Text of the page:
MOSCOW -- Neurologist Semyon Galperin has been treating patients for more than 20 years at Moscow's Hospital No. 11.
Under Russia's new health-care reform, which officials say will boost effectiveness and improve medical services, the facility was merged last year with a larger Moscow hospital.
Now Galperin is being laid off from his job -- an increasingly common scenario as the restructuring appears to be gathering pace. "I have a letter from our clinic's administration in my pocket offering me to work as a nurse since my current position is terminated," he says.
While health professionals, officials, and patients all agree on the need to overhaul Russia's creaking medical system, health-care professionals complain the reform so far has consisted chiefly in shutting down facilities and firing staff.
"In order to privatize state hospitals and avoid a public outcry, they came up with the following scheme," Galperin says. First smaller hospitals are turned into branches of "larger hospitals. Then, he adds, the smaller facilities "go bankrupt," are shut down, and are privatized.
Vladimir Putin made health-care reform a priority when he returned to the Kremlin for a third presidential term in May 2012.
Although the shakeup has been ongoing across the country for two years, medical workers say it has intensified in recent months with cuts, layoffs, and hospital closures in full swing in Moscow and other cities. "Moscow's restructuring plan for health care lays the path for its complete destruction," Galperin says.
Fuelling the spike in redundancies are looming changes in the way Russia's health-care system is being financed. Starting on January 1, 2015, medical facilities will no longer be funded by the federal budget. The costs will instead be covered entirely by the Mandatory Medical Insurance Fund, into which companies and employees must pay a portion of their salaries.
'Nowhere To Go'
Critics say officials have failed to consult health professionals on the reform, which they believe is focused primarily on commercializing hospitals rather than on offering better medical services to those for whom private medical care in unaffordable.
"What is taking place has nothing to do with the quality of health care," says Natalya Zubarevich, regional program director at Russia's Independent Institute for Social Policy. "It's tied exclusively with fiscal policies, with attempts at cutting costs. No matter what is being said, no matter what polished formulations are being used to say things will improve, these are only words. This is more than obvious."
Simmering disgruntlement over the reform turned to outright indignation in mid-October, when leaked documents revealed that Moscow's City Hall was allegedly planning to close dozens of hospitals and fire thousands of health-care professionals.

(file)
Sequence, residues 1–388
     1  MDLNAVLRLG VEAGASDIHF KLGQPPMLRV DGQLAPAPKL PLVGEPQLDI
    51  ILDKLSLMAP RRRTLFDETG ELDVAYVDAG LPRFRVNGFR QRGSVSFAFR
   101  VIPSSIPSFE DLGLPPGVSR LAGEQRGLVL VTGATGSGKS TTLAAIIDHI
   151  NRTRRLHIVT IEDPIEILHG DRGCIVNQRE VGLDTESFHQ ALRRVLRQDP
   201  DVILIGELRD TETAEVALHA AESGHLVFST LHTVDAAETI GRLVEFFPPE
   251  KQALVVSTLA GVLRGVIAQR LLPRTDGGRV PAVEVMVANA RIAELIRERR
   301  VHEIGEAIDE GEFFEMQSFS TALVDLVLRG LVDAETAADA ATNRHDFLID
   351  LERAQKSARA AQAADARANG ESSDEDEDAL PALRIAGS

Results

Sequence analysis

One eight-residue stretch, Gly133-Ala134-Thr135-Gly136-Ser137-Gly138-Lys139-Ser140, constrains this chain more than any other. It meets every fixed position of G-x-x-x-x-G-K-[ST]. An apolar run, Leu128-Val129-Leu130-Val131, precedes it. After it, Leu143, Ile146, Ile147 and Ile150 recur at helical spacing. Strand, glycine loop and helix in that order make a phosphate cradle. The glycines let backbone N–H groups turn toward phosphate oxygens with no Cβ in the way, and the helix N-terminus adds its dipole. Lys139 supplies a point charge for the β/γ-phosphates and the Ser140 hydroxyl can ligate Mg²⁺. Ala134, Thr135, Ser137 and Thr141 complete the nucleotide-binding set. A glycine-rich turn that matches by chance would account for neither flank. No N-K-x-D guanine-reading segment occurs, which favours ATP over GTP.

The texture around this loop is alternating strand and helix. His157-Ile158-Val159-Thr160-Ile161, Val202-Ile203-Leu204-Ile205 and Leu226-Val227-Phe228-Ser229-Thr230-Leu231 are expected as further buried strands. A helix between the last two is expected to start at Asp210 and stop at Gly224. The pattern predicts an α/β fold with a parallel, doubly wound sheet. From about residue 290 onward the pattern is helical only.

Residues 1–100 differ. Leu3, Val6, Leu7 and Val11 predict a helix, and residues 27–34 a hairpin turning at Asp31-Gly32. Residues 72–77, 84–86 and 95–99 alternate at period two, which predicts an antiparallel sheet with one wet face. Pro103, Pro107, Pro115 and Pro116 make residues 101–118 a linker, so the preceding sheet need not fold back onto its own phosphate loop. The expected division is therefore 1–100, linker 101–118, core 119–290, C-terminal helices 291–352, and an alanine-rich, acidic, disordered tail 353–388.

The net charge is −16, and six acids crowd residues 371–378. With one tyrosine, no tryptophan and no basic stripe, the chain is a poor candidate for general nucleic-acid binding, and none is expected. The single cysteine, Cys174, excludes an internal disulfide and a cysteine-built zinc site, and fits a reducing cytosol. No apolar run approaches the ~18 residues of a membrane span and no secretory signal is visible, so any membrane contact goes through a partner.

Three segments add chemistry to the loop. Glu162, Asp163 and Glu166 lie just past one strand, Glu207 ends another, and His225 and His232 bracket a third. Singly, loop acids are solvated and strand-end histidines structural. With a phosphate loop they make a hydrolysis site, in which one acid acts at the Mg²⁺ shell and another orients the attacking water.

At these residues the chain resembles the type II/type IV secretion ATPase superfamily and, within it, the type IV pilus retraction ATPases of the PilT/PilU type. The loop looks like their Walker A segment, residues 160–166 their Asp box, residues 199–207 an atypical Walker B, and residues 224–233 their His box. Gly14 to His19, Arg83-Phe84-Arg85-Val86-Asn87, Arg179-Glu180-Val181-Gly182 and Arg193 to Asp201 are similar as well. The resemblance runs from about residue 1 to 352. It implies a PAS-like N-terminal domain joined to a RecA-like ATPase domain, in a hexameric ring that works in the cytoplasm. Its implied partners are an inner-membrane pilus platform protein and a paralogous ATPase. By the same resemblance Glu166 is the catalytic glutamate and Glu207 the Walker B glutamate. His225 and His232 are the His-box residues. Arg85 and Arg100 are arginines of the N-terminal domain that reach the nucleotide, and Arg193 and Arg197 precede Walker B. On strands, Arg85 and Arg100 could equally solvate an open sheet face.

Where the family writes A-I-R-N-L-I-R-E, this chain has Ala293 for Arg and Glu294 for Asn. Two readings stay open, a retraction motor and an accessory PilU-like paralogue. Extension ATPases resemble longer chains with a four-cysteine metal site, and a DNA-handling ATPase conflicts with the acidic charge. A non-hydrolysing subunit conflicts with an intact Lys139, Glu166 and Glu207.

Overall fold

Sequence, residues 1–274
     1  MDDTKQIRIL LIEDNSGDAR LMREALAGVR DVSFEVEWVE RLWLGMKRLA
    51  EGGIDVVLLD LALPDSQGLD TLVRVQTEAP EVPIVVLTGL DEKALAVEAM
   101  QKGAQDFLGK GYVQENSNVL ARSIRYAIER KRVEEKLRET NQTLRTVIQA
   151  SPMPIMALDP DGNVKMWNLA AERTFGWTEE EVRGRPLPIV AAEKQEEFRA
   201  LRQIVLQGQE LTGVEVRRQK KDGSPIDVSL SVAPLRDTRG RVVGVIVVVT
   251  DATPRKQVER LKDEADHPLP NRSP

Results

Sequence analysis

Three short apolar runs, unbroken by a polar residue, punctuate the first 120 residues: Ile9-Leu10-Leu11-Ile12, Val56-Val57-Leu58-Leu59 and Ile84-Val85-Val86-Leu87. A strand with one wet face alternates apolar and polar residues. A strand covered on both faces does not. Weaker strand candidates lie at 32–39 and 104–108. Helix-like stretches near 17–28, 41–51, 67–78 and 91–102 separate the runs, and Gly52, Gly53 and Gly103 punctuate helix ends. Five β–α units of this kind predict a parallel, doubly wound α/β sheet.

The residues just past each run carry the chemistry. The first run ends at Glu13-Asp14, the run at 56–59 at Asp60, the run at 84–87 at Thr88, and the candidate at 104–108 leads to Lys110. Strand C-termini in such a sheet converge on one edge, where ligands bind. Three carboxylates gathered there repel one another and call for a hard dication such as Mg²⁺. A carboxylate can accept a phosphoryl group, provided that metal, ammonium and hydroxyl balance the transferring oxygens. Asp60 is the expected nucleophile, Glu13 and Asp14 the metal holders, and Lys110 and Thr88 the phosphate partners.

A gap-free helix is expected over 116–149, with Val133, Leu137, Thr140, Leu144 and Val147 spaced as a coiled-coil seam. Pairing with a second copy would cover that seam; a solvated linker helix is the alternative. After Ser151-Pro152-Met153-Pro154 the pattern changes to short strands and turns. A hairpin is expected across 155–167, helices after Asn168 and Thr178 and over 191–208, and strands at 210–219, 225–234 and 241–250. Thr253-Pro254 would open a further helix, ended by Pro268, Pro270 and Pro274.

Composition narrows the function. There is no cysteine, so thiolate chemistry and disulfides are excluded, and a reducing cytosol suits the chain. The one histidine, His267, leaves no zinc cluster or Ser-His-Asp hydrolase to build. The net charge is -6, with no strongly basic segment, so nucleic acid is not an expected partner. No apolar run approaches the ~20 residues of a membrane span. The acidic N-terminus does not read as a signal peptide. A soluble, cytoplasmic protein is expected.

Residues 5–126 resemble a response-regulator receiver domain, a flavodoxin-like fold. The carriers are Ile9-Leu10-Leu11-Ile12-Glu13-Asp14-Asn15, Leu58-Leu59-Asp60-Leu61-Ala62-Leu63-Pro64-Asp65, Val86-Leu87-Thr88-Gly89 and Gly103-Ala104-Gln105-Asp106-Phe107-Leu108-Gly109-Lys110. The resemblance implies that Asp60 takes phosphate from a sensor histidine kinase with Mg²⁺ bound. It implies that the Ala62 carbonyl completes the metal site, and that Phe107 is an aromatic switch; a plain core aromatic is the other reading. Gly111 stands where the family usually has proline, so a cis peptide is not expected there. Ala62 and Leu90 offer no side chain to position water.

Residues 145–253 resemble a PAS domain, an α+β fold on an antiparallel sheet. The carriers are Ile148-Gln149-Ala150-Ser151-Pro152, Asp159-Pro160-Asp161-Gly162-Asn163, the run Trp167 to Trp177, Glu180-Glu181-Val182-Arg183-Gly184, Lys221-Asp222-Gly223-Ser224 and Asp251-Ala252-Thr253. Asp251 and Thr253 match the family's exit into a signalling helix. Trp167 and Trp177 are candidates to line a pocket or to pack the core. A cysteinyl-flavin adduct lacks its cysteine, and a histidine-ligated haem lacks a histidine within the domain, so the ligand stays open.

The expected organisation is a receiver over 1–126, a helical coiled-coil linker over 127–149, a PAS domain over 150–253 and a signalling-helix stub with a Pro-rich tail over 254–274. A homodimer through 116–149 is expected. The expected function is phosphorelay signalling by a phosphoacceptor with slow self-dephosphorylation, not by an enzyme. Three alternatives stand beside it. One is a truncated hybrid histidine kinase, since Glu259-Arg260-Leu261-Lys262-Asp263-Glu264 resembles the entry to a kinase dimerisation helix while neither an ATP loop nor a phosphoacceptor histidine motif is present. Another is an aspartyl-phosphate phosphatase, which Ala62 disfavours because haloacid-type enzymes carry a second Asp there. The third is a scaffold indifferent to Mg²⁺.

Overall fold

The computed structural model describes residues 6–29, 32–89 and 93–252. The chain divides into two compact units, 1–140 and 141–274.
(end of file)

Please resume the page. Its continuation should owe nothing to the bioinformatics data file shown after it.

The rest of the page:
Deputy Moscow Mayor Leonid Pechatnikov has sought to soothe concerns over the documents -- according to which city authorities will shut down 28 medical centers and fire 30 percent of the city's medical staff within the next two years -- saying they were part of a proposal and no decision had been made so far.
The goal, he says, is to consolidate "large, multispecialization hospitals" that will offer patients a wide array of services on site.
The possible shutdown of more hospitals has nonetheless sparked uproar and triggered several protests in Moscow, including a November 2 rally that drew almost 7,000 demonstrators.
WATCH: Doctors Protest In Moscow (In Russian)
Medics have held similar rallies in several other Russian cities.
Olga Demicheva, an endocrinologist at Moscow's Hospital No. 11 and a driving force behind the protests, has denounced the reform as a "travesty" in an open letter to Putin. "Mr. President, I understand, the coffers are empty," she wrote. "I understand how expensive the Olympics were, and Crimea, of course, was expensive too. But these victories should not be paid for with human lives."
Like many of her colleagues, Demicheva suspects city authorities of being guided not so much by the need to improve health services than by the wish to reclaim expensive land occupied by some clinics in downtown Moscow. "For some people it's more valuable than the lives of our patients," she says.
With finalized reform plans in the Russian capital set to be unveiled by the end of the year, anxious doctors and patients are bracing for sweeping cuts.
The mood is particularly glum at Hospital No.11, which specializes in care for terminally ill patients and people suffering from life-threatening chronic diseases.
"We have nowhere else to go," says Yekaterina, who receives treatment for multiple sclerosis at the hospital. "We are not trying to cause trouble or draw attention to ourselves. We really have nowhere else to go."